Scientific Forecaster Discussion
Area forecast discussion
National Weather Service Albany New York
958 am EDT Friday Jul 29 2016
a weak cold front will settle over the southern part of the
Albany forecast area today. This front may trigger some isolated
afternoon showers and thunderstorms. Mainly fair and seasonable
weather is forecast for Saturday before a storm system approaching
from the Ohio Valley brings a threat of widespread showers and
thunderstorms on Sunday.
Near term /until 6 PM this evening/...
as of 958 am EDT...update of near term grids to account for
trends in observations, satellite loop and radar. Clouds have
broken up over all but the southeastern third of the
area. Although mslp field shows weak cold front has slipped south
of New York, dewpoint boundary is still north of forecast area.
Area still under weak cyclonic flow at 850mb. Some weak ridging
aloft beginning to develop between departing low pressure south of
Long Island and next system now near Chicago. 12z Albany balloon
sounding shows cape could reach around 1000j/kg this afternoon
based on high temperature forecast. Expect some afternoon showers
and thunderstorms to develop at least over the terrain later
today. They will be slow movers and produce some locally heavy
rain but be isolated. Highs today, based on 12z sounding, will
range from the mid 70s to lower 80s.
Short term /6 PM this evening through Sunday night/...
for tonight into the first half of Saturday...expect generally dry
conditions as a weak ridge of high pressure builds across the
region. Lows tonight will be in the mid 50s to mid 60s.
By Saturday afternoon there will be the chance of showers across
the eastern Catskills as a wave of low pressure starts to move
eastward from the Ohio Valley. Expect highs on Saturday to be in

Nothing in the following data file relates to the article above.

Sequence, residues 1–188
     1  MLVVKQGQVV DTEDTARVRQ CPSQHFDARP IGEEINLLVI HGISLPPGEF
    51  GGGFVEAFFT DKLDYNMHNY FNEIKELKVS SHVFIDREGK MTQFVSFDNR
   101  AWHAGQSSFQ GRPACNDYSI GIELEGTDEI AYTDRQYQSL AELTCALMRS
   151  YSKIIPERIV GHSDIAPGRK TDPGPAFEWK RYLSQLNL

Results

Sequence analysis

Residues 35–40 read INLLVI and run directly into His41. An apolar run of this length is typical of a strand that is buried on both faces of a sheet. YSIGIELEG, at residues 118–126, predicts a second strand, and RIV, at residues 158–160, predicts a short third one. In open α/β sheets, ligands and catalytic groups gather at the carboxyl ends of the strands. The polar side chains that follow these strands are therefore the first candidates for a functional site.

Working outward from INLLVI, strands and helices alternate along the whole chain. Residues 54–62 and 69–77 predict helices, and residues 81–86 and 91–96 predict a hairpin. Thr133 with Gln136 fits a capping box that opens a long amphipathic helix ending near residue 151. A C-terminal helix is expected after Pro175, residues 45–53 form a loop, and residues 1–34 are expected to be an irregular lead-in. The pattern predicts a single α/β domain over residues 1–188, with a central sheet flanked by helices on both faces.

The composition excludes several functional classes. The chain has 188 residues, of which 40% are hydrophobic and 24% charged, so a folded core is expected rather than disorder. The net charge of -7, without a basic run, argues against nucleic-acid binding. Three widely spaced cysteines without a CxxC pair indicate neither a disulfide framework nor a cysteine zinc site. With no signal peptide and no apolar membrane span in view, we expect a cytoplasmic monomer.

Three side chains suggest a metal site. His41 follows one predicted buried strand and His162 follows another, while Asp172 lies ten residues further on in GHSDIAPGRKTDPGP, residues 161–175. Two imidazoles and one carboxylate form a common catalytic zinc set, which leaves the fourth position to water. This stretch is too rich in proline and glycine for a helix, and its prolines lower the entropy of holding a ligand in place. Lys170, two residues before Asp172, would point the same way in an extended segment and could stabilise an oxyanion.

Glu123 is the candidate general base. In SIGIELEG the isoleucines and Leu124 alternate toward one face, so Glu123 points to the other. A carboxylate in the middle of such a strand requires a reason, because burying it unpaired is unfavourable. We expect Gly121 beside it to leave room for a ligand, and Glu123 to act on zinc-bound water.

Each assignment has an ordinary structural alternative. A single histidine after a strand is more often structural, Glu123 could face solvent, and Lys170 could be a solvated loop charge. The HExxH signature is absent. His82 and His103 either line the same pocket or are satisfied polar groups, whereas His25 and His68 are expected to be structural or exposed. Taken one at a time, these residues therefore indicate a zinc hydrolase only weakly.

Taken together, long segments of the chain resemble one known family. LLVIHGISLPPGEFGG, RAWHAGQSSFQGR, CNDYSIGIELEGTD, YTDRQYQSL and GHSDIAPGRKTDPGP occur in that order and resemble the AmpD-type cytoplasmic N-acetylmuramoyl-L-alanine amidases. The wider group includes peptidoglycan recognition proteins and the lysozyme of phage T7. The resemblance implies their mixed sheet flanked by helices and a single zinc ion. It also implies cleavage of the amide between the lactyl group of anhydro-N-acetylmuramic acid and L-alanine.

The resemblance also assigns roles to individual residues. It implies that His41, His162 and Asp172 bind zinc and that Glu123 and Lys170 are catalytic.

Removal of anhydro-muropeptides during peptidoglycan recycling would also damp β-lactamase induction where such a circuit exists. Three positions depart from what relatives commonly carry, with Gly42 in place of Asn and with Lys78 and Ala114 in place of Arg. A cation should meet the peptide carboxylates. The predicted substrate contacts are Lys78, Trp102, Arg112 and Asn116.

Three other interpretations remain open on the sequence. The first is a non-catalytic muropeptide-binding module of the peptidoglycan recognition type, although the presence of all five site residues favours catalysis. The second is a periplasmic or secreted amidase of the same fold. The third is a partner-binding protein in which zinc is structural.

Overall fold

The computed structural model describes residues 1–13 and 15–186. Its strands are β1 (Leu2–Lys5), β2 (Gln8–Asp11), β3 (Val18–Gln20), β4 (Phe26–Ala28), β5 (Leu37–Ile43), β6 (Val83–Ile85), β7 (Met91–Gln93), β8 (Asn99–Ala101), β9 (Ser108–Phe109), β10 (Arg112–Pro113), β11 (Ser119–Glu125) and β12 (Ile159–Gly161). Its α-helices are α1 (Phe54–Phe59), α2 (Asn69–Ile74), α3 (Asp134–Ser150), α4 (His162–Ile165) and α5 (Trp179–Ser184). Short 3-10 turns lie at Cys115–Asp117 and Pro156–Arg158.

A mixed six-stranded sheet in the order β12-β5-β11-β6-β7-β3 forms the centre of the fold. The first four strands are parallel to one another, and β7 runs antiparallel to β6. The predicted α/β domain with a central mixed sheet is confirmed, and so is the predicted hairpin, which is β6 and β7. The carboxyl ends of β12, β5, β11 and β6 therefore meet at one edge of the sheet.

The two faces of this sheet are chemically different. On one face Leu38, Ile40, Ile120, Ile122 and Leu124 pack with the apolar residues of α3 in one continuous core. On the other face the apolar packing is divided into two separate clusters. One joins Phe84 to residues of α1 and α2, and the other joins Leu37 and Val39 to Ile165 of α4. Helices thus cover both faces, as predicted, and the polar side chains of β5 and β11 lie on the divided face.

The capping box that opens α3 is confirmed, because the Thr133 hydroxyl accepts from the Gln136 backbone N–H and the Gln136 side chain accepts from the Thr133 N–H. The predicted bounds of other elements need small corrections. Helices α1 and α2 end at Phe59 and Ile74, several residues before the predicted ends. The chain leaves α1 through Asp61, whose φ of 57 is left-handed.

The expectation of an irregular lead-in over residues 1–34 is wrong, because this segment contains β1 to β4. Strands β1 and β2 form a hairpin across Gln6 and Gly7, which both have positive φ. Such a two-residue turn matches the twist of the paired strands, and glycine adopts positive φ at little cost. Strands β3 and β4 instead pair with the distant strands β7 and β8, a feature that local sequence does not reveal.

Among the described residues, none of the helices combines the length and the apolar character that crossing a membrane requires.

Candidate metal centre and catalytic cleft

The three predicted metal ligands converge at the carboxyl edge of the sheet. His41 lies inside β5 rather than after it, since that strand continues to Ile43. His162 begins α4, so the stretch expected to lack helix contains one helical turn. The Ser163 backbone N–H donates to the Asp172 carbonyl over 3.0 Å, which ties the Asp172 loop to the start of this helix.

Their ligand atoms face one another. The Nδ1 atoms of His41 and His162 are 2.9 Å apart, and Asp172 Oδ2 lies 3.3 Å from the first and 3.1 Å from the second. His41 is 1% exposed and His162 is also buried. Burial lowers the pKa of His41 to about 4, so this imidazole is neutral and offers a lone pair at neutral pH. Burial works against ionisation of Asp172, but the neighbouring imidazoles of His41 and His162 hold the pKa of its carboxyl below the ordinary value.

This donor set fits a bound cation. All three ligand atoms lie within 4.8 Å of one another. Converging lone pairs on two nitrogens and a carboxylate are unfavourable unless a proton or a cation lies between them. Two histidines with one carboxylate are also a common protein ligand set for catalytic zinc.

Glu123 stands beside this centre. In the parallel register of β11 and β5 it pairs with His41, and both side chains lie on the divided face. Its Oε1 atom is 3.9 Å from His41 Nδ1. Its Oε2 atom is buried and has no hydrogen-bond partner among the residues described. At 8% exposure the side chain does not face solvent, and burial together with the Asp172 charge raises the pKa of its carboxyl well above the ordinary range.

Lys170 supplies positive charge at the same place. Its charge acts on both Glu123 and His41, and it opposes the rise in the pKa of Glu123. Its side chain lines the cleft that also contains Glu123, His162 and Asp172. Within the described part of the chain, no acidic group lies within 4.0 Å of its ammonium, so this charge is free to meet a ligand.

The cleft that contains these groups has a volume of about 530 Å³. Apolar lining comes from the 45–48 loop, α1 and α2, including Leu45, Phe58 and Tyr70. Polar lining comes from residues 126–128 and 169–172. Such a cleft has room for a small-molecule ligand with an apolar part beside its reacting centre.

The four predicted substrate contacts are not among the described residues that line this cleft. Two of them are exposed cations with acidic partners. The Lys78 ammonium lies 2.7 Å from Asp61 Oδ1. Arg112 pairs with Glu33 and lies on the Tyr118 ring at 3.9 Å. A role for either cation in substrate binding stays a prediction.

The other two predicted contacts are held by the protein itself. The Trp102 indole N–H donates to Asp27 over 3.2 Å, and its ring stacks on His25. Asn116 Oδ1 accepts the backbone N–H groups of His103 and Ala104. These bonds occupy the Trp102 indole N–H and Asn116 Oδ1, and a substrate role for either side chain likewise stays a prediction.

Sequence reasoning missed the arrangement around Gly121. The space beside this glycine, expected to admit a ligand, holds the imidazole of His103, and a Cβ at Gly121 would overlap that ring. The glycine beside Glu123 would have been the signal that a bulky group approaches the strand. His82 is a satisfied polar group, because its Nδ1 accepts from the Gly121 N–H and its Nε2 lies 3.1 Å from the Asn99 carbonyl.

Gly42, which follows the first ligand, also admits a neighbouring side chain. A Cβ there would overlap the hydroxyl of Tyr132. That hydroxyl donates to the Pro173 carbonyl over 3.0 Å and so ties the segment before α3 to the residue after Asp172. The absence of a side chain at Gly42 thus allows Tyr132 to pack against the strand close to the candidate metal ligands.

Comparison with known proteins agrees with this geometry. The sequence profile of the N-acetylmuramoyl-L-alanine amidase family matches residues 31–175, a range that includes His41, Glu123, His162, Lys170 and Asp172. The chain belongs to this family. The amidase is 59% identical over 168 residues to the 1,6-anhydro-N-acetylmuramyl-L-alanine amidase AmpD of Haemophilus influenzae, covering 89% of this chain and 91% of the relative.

the mid 70s to mid 80s with increasing clouds during the
afternoon. On Sunday the low pressure system will be moving across
Pennsylvania and pass south of Long Island Sunday night. This will
bringing more clouds, along with showers and thunderstorms back
into our region. At this time it looks as though much of Saturday
night and Sunday will be wet with some much needed rainfall across
the region. The showers may taper off Sunday night. Expect lows
Saturday night to be in the mid 50s to mid 60s with highs on
Sunday in the upper 60s to upper 70s. Lows Sunday night will be in
the upper 50s to mid 60s.
Long term /Monday through Thursday/...
an upper level trough will continue some scattered showers and
thunderstorms to start the week...but high pressure will build in by
Tuesday with fair and dry weather through the mid week.
Mon-Mon night...low pressure passes east of Long Island and Cape Cod
in the morning. A positively tilted long wave trough will be over
the northeast and mid Atlantic region. The trough with a short-wave
moving through will focus scattered showers and isold-sct
thunderstorms. Despite dewpoints in the upper 50s to mid
60s...heating will be limited...so only small amounts of instability
are expected. Highs will generally be in the mid to upper 70s in
the valley areas...and upper 60s to lower 70s over the mtns. The
trough axis will gradually shift downstream over New England with
the showers diminishing. Lows will fall back into the mid 50s to
Tue-Tue night...the upper level trough axis lingers near
central/eastern New England. Another vort Max moves through the
trough to focus some isolated showers...especially across the higher
terrain of western New England. The showers should be tied to the
diurnal heating. At the sfc...an anticyclone continues to build in
from the eastern Great Lakes over New York and New England. Sunshine will
mix with clouds. Highs will nudge closer to normal with upper 70s
to lower 80s in the major valleys...and lower to mid 70s over the
hills and mtns. Decreasing clouds Tue night with light winds should
allow for decent radiational cooling...and lows once again in the
upper 50s to lower 60s.